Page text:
On another matter PMRPro (and while I remember it!) - will the combination of Statins plus Pred be likely to push me closer to the 'diabetic edge'? My mother and sister were both diabetic and I think PMR is enough to be dealing with. I stopped Statins a couple of months ago and cholesterol levels have risen (5.9) as a result.

PMRpro profile image
PMRproAmbassador in reply to Rokerman

If that is as high as it goes I personally wouldn't worry about it! But then, I have never believed the cholesterol story anyway except for people with existing problems and familial hypercholesterolaemia. I had a mere 10 days on a statin and was about in a wheelchair. Never again - but I'm female and have no cardiac history that counts so it doesn't matter, the cardiologist wasn't bothered.

They are recommended to do a dexa in the first 3 months of pred and then consider if the standard calcium and vit D supplements are enough. It is actually particularly important that they look at a man's bone density since, although men can and do develop osteoporosis, they are far less likely to do so than women. Bisphosphonates should not be given to people with normal bone density - and you can't know without checking it. But they were told these were wonder drugs and safe to give for years and they would make hip fractures a thing of the past. All marketing - alternative facts I think it is called nowadays...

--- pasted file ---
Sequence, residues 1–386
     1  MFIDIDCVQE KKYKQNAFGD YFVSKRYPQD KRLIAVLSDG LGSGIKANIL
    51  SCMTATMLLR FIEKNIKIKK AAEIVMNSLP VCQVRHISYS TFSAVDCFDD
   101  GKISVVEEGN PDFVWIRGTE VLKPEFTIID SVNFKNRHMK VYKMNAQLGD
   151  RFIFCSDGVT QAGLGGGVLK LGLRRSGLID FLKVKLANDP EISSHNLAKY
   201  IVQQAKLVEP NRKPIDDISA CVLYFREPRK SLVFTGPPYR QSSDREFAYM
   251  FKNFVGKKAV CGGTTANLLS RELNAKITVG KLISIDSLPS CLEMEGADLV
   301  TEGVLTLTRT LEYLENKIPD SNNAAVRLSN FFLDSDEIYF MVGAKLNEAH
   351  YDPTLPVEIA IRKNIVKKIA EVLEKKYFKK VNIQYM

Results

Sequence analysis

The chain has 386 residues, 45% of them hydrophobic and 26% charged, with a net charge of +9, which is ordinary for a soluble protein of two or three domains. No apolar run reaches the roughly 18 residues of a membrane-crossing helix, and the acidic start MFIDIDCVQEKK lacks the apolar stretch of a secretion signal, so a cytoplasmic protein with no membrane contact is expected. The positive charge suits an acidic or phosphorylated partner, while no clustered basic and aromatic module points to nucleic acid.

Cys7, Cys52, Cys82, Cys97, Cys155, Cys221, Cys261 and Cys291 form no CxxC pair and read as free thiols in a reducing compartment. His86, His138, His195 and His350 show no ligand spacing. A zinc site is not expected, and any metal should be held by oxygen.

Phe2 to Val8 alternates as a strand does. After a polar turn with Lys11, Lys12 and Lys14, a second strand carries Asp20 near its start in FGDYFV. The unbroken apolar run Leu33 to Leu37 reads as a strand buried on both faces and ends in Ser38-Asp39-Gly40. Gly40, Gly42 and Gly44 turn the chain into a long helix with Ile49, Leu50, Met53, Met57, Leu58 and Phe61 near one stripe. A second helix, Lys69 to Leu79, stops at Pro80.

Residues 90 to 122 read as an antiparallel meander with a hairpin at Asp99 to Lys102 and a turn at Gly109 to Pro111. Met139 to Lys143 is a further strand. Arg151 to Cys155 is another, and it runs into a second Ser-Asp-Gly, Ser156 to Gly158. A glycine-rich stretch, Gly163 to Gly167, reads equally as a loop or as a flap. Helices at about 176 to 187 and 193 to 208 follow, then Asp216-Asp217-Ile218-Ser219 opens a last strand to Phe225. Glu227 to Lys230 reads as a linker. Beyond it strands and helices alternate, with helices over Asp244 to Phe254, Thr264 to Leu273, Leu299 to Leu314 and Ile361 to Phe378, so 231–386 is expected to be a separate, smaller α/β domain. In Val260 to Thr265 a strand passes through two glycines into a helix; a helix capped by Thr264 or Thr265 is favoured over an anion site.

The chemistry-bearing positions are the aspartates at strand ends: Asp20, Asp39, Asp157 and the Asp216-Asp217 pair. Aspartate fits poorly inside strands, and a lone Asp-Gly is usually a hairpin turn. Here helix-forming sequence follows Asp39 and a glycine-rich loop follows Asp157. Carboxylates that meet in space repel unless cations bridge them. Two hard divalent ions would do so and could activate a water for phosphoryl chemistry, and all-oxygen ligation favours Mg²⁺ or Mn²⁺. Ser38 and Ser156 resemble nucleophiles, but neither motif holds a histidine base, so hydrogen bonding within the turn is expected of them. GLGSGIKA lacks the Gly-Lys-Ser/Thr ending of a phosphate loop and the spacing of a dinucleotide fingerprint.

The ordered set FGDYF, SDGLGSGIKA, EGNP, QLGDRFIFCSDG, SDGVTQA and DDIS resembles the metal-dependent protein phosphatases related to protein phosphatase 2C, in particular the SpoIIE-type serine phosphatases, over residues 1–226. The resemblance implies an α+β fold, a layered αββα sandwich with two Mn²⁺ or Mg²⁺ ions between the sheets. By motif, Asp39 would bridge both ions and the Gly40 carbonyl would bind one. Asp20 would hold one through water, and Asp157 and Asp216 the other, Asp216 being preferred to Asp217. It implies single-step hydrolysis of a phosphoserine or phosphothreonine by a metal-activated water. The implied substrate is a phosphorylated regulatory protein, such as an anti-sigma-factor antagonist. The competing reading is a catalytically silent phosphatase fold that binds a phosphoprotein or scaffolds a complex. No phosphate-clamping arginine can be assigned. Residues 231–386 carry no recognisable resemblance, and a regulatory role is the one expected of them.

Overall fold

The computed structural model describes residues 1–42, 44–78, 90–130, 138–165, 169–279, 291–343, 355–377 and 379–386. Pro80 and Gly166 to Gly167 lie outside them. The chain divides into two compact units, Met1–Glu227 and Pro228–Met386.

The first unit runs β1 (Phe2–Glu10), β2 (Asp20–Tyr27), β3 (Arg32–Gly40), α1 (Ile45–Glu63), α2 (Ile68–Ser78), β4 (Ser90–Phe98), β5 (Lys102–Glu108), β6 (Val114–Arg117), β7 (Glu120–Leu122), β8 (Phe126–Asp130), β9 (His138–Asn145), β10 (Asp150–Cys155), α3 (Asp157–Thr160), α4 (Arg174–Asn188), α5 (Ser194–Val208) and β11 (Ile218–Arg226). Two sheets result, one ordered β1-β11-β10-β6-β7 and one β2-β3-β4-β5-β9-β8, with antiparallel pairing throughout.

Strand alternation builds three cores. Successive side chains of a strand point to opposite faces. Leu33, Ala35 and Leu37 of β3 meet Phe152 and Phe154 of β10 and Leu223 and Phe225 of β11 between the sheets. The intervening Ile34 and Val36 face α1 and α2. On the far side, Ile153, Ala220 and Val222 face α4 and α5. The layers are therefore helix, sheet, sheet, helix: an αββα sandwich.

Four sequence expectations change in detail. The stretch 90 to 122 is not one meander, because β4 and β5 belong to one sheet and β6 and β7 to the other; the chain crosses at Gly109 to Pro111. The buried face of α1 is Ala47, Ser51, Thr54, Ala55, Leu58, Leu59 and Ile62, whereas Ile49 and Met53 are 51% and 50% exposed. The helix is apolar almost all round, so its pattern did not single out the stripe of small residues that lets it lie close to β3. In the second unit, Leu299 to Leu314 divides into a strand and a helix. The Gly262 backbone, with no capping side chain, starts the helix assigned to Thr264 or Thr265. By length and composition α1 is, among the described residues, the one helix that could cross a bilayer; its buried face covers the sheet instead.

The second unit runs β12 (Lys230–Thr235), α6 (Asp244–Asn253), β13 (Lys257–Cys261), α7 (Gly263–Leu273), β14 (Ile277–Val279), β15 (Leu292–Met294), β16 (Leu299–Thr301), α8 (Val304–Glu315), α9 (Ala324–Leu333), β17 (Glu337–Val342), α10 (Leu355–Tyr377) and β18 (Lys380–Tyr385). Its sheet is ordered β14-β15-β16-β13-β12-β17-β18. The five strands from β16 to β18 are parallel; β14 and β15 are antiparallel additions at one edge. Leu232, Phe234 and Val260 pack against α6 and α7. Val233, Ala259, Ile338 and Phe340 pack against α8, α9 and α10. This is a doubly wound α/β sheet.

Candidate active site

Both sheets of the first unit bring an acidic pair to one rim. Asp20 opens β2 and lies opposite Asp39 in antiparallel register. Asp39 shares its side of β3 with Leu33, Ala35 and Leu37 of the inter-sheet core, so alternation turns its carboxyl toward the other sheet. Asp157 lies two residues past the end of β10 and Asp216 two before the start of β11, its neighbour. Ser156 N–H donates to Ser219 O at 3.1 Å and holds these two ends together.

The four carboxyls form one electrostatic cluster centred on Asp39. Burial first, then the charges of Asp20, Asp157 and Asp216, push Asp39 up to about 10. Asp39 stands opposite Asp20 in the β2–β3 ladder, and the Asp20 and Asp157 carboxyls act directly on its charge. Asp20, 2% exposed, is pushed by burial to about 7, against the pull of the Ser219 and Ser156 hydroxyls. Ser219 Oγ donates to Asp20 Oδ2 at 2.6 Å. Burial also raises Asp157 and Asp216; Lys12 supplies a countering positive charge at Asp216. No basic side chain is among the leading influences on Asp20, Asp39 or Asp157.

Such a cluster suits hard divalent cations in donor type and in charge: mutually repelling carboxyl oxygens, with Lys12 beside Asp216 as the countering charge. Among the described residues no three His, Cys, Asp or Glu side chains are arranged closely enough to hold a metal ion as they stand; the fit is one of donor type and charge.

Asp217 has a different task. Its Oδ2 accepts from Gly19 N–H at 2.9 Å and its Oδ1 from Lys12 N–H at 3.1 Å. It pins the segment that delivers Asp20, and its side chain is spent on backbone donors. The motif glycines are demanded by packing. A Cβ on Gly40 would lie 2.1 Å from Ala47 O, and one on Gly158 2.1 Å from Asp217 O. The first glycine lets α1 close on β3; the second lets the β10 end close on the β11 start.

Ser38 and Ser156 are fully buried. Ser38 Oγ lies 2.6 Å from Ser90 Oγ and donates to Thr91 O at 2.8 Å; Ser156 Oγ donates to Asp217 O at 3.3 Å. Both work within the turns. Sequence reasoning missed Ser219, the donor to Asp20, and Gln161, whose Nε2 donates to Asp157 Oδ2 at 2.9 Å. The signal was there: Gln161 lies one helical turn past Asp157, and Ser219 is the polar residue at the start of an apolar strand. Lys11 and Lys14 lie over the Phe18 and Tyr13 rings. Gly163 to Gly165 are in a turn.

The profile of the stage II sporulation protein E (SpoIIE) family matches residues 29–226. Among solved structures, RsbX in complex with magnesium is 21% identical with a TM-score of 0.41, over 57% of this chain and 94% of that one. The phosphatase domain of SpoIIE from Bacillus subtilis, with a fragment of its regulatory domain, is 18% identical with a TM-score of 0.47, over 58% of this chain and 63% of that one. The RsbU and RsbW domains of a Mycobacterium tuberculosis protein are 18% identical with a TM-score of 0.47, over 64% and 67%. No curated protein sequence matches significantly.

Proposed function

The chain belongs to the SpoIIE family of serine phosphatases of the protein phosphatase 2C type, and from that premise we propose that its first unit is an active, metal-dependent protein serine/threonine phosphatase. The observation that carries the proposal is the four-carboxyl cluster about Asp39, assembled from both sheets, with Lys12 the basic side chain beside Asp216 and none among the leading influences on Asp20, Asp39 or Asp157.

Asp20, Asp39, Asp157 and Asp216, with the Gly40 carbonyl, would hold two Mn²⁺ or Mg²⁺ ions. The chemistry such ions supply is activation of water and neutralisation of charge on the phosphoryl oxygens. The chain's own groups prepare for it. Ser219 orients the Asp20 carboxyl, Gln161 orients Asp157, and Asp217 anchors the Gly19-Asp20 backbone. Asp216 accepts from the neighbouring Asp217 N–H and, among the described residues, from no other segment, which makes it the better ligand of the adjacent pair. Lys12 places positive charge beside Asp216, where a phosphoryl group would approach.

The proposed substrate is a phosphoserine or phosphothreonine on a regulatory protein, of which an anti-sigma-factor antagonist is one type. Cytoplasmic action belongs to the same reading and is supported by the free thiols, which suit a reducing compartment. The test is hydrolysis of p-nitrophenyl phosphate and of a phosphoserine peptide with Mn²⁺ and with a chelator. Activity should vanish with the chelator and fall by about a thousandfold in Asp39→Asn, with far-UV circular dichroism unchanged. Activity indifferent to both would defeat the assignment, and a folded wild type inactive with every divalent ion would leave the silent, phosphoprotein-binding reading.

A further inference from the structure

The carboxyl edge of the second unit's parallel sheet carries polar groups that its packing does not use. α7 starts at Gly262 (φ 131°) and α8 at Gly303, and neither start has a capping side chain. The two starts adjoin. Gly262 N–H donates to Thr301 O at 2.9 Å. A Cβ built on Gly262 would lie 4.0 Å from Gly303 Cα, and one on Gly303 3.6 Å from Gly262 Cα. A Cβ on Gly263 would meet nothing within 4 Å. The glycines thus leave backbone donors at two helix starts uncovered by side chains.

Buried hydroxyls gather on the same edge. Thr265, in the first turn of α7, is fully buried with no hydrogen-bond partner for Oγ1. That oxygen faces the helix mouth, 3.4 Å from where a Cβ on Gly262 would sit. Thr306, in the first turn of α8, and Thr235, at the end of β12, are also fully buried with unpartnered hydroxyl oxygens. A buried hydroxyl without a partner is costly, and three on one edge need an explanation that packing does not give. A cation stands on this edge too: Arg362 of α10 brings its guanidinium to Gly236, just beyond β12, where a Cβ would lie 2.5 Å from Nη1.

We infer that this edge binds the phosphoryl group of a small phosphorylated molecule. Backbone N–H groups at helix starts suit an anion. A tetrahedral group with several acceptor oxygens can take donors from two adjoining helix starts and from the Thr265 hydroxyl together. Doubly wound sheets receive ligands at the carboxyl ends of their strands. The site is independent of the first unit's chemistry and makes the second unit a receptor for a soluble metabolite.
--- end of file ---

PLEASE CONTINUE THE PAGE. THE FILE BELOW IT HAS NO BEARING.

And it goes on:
Ooops, nearly forgot the diabetes question. Don't know to be honest. On the basis of this webmd.com/diabetes/news/201...

I suppose the probability is yes.

Adopting a low carb diet will help reduce the risk. Pred causes the liver to release random spikes of glucose - if you are eating a lot of carbs the combination will contribute to high BS and diabetes. Avoiding carbs removes that trigger at least. Low carb is also felt to help the cholesterol problem, it certainly seems to raise the HDL level - which contributes to a higher total but in a less bad way.

Rokerman profile image
Rokerman in reply to PMRpro

Oh blimey - and if I told you my favourite foods are: pasta, crusty bread, Victoria sponge...........?!

I have cut down on all of the above, if not eliminated them entirely so I'll see what the next blood tests reveal - my wife's 'Slimming World' diet is helping!

Thanks so much for all the time you devote to helping others on this forum - I don't know how you, DL and the others do it!